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Harvard Looks to Topple Ivy League Leader

With two goals on the year, junior forward Brian Rogers paces a Crimson offense that has struggled to score early in 2010.  Harvard will face Ivy League-leading Cornell in a key road test tomorrow afternoon.
With two goals on the year, junior forward Brian Rogers paces a Crimson offense that has struggled to score early in 2010. Harvard will face Ivy League-leading Cornell in a key road test tomorrow afternoon.
By Tyler R. Kugler, Contributing Writer

The Harvard men’s soccer team will face quite the challenge this weekend as it enters its second Ivy League matchup of the season against Ancient Eight foe Cornell.

Historically known as a tough-to-reach opponent in upstate New York, the Big Red has been an even tougher squad to score on this season. In its last six games, Cornell (5-1-3, 1-0-0 Ivy) has allowed only one goal.

While Harvard (2-6-1, 0-1-0) has struggled of late, coming off of back-to-back one-goal losses against Yale and Boston University, the Crimson sees a great opportunity to emerge with a win in this weekend’s matchup.

“Last weekend against Yale, we had a slow start and this week we’ve been working a lot in practice to make sure that doesn’t happen,” junior forward Brian Rogers said. “We’re really tuned into this game.”

Rogers has been leading the attack for the Crimson with two goals, while fellow juniors Scott Prozeller and Zack Wolfenzon have also tallied a goal apiece this season.

In preparation for Saturday’s matchup, Harvard has spent the week scouting the  ins and outs of the Big Red’s defense, and is ready to break through Cornell’s recently impenetrable line.

“The coaching staff has done a great job scouting Cornell, figuring out how to break down its defense,” Rogers said.

The Crimson is focusing its efforts on executing set plays. This season, Harvard has been on the wrong end of a 46-27 corner-kick disadvantage.

Cornell has dominated on its opponents end of the field, crossing an astounding 61 corners, compared to its opponent’s 32.

This week, the Crimson has been working in practice to remedy the issue.

“The last few days at practice, we’ve been focusing a lot on corners,” co-captain Tim Linden said. “They have a couple of really big, athletic guys, so it’s something that we know we’ll have to deal with. We’re going to try to avoid giving up as many throws in our half and corners as possible, since we know that’s where they’re going to be most dangerous on the attack.”

This season, the Big Red has been notoriously dangerous on its long throw-ins.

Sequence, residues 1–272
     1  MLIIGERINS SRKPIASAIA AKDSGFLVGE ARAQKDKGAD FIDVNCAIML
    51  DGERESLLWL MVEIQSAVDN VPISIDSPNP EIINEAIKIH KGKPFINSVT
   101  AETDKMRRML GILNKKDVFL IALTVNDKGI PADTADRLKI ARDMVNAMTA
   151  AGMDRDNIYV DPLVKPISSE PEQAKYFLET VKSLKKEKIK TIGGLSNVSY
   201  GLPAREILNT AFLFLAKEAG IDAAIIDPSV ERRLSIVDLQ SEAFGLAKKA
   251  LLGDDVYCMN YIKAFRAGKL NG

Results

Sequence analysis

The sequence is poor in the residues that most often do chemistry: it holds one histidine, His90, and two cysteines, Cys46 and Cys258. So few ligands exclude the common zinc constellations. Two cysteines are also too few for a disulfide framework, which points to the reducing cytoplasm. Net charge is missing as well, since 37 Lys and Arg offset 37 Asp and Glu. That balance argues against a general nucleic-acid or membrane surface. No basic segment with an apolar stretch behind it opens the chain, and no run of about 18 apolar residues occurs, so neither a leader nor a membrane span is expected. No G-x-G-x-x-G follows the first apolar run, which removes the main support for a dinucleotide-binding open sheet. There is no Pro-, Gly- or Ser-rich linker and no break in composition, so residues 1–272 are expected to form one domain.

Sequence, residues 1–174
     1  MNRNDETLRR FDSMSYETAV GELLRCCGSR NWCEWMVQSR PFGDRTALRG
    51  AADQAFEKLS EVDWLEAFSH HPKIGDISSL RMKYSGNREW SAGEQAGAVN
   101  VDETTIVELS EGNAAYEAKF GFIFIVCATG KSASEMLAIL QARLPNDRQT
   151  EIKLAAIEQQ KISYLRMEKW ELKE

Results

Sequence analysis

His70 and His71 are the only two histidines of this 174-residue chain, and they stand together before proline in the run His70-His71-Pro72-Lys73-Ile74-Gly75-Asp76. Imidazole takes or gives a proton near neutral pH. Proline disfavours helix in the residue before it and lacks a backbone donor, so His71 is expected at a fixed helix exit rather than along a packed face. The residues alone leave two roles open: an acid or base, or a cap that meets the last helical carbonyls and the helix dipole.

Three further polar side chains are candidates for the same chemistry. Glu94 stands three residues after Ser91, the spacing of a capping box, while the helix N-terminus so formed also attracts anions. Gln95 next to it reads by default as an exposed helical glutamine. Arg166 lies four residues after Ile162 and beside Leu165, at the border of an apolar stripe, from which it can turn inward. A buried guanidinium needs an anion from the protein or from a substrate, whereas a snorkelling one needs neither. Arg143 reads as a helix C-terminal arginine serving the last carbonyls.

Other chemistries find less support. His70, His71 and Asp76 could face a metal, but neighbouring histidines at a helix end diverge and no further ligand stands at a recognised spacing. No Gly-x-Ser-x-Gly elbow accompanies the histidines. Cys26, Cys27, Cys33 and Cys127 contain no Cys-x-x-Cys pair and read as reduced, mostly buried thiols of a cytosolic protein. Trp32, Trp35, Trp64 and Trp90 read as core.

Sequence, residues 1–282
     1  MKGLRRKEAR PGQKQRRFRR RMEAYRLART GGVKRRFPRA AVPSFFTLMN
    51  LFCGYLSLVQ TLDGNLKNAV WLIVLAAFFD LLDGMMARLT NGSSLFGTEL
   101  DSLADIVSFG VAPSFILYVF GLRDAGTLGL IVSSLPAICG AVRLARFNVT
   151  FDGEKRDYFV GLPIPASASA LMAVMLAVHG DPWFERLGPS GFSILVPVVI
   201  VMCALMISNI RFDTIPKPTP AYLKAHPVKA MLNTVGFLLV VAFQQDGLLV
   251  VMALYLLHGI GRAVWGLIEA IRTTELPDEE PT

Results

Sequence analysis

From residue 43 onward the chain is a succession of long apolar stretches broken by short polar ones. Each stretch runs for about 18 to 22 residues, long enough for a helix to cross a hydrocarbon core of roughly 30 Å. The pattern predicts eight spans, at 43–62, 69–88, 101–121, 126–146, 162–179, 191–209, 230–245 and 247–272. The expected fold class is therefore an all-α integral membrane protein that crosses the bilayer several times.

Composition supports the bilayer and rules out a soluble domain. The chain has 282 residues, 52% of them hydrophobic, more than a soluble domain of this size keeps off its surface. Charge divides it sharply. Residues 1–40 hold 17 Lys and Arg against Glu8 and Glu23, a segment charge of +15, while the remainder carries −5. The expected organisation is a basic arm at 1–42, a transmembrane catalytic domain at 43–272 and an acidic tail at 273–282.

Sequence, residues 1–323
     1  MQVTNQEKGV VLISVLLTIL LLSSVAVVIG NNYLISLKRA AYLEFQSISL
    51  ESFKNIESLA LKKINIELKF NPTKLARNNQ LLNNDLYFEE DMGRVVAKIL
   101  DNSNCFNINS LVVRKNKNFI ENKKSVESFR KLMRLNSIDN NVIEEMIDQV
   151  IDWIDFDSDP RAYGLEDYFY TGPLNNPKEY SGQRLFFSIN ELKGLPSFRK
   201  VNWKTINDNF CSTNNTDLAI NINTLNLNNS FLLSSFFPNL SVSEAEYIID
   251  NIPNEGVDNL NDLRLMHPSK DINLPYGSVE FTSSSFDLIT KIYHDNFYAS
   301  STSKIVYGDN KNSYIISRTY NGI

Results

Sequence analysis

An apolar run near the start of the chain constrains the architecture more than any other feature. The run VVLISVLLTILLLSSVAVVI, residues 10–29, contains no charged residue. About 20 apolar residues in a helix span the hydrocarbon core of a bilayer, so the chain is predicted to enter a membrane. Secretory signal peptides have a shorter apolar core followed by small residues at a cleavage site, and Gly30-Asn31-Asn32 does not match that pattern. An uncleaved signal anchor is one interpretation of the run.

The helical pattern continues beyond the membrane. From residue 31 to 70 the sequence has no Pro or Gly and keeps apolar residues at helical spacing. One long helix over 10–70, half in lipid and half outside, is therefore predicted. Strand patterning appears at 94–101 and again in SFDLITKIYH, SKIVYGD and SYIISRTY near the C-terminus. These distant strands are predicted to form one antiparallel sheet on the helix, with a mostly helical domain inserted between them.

Cornell has combined these throws with its corners to create a strong aerial attack.

“Like every Ivy League game, [the key is] set pieces, which are always a big battle,” Rogers said. “That’s how we conceded the Yale game, on the long throw. Cornell has a long throw and they’re really dangerous on set pieces, so I think it will be key for us to stay tuned-in for the whole game and not have any mental lapses where we lose our markers and give up another set-piece goal.”

Two markers that the Crimson can’t afford to lose are Cornell forward Daniel Haber and 6’5” defenseman Patrick Slogic. The sophomore duo has combined for six goals and five assists this year.

Down the stretch, these two have been particularly effective at finding ways to get open, combining for three game-winning goals.

“To deal with those players, we’ll put a guy on them, and it’s his responsibility to block his runs and make things as difficult as possible,” Linden said. “It really comes down to each man being personally responsible for his mark.”

In the nine games that Harvard has played this season, its defense has consistently stymied its opponent, allowing an average of only one goal per game. Harvard keepers Austin Harms and Brett Conrad have registered a combined three shutouts thus far.

Harms (18 career shutouts) will be looking to make history this weekend, as he is one clean sheet shy of tying Chris Johnson ’06 for the school shutout record. In the last five seasons, Harvard has yet to drop a game to the Big Red. On Saturday, the Crimson will look to continue that streak on the road as Harms chases history and Harvard tries to topple the Ivy League leader.

After all, the only way to shorten the trip home from Ithaca is with a win.

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Men's Soccer